Northern News Services
Canada's army and navy, a police officer and six Canadian Rangers from Kimmirut and Iqaluit are all involved in Operation Narwhal. In order to improve the forces' presence in the North, inter-operability between these organizations had to be practised.
"Command and control headquarters in Yellowknife will be monitoring to see if they can communicate on land, on boat and in the air," said Col. Kevin McLeod, commander of Canadian Forces Northern Area.
The Goose Bay was the first Canadian Forces vessel to sail north of the 60th parallel in more than 13 years, and the exercise involved many other firsts for those aboard.
The Navy's part in this operation meant navigating icy waters and heavy fog from Iqaluit to Resolution Island. It also meant disembarking land crews in a remote area of the island to conduct patrols of the land.
Not only did the navy show it could work with army personnel, it also co-operated closely with the Canadian Coast Guard. The Pierre Radisson, a coast guard icebreaker was met by the Goose Bay on the trip for refuelling.
The Goose Bay tied up to the Pierre Radisson, which transferred about 40,000 litres of fuel to the navy ship. It took almost two hours. There were no leaks or incidents reported during the transfer, a first for both the coast guard and the navy.
It was such a major accomplishment for the crew that they gathered when it was finished to take a picture. Chief engineer Gabe Gallant said he will be framing the documentation for the event and hanging it on his wall.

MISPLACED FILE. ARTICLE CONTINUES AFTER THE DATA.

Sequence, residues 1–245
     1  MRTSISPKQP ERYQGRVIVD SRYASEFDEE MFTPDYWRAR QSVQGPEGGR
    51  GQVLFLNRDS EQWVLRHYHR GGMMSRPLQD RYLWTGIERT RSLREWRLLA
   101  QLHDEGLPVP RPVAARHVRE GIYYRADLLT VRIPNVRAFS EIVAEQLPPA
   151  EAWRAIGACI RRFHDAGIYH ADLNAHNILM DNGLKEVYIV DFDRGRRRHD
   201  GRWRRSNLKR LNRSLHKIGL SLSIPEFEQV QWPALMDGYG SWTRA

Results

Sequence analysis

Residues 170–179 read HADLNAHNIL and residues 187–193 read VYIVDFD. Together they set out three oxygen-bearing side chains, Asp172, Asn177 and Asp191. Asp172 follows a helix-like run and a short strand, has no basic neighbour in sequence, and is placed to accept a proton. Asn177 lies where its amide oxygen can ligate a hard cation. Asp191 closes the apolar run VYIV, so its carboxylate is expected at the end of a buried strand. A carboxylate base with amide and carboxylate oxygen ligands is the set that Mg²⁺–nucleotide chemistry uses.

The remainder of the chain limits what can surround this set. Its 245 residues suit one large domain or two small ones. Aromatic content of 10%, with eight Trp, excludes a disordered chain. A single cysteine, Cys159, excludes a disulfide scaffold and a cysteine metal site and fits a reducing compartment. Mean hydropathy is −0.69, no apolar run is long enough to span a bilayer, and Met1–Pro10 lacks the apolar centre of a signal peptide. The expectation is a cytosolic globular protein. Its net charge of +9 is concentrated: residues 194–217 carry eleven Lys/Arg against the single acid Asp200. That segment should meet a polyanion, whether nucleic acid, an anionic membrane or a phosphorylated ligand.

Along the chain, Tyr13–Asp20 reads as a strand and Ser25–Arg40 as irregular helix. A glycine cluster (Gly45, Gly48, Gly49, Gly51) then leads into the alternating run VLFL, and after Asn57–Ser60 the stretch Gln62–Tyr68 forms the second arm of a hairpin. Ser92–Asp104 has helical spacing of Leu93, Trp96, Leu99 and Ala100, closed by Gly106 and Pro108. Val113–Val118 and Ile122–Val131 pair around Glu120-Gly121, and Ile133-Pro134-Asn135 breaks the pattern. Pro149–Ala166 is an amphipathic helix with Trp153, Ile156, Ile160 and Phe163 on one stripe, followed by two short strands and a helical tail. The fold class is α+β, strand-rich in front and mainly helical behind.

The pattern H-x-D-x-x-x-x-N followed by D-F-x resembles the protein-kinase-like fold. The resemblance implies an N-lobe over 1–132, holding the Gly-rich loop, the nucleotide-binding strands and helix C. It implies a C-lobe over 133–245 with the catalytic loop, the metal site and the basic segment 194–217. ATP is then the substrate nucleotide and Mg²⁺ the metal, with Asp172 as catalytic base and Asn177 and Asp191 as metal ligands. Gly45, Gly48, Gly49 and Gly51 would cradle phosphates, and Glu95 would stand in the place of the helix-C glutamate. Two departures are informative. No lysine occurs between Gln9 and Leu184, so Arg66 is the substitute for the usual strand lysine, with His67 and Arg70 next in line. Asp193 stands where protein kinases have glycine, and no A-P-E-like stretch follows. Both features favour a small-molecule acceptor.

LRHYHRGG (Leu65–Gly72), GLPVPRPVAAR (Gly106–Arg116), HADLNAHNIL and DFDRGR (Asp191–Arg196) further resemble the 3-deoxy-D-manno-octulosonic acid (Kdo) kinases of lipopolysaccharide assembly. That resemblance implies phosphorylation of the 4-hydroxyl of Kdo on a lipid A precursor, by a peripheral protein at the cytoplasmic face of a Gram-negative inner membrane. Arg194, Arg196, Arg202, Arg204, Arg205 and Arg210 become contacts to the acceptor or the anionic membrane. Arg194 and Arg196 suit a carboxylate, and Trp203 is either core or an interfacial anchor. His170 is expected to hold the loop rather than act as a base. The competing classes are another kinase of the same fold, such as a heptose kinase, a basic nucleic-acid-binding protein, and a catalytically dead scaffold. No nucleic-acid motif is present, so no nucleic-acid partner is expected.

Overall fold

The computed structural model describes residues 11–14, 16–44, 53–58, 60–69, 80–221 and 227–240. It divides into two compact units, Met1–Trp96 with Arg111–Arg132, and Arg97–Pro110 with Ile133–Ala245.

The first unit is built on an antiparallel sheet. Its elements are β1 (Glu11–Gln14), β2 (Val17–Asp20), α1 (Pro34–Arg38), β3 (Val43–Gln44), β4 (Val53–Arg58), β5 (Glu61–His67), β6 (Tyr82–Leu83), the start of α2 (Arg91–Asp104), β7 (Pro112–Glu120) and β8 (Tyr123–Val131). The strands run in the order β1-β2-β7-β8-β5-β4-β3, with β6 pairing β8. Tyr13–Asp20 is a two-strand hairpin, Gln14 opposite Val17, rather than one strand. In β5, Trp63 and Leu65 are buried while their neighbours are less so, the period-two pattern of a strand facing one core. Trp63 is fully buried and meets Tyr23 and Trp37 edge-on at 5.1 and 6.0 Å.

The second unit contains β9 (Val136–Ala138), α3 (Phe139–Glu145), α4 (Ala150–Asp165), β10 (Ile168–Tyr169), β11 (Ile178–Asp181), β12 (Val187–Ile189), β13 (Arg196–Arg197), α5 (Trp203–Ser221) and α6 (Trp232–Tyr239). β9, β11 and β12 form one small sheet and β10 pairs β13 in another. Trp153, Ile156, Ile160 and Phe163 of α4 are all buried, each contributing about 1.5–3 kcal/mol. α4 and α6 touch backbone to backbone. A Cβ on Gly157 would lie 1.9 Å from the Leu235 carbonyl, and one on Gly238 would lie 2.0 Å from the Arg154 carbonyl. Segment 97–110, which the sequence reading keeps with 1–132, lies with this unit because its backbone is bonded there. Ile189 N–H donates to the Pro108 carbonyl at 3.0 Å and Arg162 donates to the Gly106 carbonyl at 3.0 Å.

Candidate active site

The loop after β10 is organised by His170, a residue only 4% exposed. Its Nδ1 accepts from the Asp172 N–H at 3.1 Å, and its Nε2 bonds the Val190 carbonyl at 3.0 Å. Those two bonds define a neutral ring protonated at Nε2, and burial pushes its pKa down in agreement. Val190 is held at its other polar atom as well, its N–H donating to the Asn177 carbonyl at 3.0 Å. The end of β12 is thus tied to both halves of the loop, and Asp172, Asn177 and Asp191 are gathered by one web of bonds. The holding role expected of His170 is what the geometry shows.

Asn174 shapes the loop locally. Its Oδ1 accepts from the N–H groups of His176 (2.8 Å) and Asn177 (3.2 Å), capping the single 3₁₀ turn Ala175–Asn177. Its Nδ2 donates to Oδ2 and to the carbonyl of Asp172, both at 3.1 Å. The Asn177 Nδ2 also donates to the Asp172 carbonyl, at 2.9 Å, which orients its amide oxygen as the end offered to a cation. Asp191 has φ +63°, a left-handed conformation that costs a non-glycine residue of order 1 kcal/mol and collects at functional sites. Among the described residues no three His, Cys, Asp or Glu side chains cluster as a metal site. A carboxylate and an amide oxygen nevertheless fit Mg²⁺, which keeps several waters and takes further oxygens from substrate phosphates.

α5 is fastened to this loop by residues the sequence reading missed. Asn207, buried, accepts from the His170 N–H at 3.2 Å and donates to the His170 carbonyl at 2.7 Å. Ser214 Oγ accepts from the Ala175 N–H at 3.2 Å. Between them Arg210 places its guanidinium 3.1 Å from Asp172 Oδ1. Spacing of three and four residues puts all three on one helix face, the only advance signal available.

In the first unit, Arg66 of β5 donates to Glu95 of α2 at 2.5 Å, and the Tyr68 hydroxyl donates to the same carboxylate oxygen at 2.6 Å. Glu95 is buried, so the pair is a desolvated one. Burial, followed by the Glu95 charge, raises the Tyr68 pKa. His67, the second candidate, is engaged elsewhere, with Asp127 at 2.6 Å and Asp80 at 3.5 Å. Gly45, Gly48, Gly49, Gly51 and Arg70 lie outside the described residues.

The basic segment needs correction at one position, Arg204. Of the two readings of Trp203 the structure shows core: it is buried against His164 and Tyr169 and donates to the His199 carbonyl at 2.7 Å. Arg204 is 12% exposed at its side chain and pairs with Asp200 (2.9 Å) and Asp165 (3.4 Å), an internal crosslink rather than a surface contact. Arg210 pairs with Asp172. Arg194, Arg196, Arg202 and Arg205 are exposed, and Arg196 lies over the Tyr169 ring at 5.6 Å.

After travelling for more than 24 hours, the ship reached Resolution Island. The ship is designed as a mine sweeper and travels very slowly, with a maximum speed of 15 knots.
Members of the army and Iqaluit's rangers disembarked from Goose Bay by zodiac, along with all their gear. HMCS Summerside, which had been in Kimmirut, also deployed personnel in the same way.
Once on the land, it was time for the army and the rangers to complete their part of the exercise. It took several hours for the camp to be set up. Rangers began their patrol -- a polar bear watch -- and soldiers hiked through the fog and mist to the site where they would be setting up an radio system.
"We unfolded everything and it was a mess with the rain and the weather. We plugged it in and click -- nothing. We set up the radio in a tent flipping through the frequencies. We got back to Yellowknife from an austere location," said Capt. Ryan Walker.
The communication system ensured safety as well as a means of communication between all the governmental organizations in-volved in operation Narwhal. On Aug. 5, several planes from the Air Force's 440 Squadron landed on the island to recover the supplies and personnel. A Kenn Borek plane also flew in to assist.
Canadian Forces commanders hope to avoid another 13-year hiatus by turning this exercise into a routine deployment. As part of this promise, a new Forces liaison officer will take up residence in Iqaluit in early October.